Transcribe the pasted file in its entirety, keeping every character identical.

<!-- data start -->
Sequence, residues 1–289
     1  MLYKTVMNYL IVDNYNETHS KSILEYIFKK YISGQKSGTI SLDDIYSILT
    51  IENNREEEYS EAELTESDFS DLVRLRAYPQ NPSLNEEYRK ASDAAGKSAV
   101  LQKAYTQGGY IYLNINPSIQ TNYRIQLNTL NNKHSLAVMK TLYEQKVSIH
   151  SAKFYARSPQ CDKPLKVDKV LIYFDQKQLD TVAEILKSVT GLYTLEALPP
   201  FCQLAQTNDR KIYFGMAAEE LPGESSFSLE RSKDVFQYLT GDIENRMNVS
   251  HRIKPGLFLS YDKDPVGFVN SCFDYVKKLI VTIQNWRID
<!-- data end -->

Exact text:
Sequence, residues 1–289
     1  MLYKTVMNYL IVDNYNETHS KSILEYIFKK YISGQKSGTI SLDDIYSILT
    51  IENNREEEYS EAELTESDFS DLVRLRAYPQ NPSLNEEYRK ASDAAGKSAV
   101  LQKAYTQGGY IYLNINPSIQ TNYRIQLNTL NNKHSLAVMK TLYEQKVSIH
   151  SAKFYARSPQ CDKPLKVDKV LIYFDQKQLD TVAEILKSVT GLYTLEALPP
   201  FCQLAQTNDR KIYFGMAAEE LPGESSFSLE RSKDVFQYLT GDIENRMNVS
   251  HRIKPGLFLS YDKDPVGFVN SCFDYVKKLI VTIQNWRID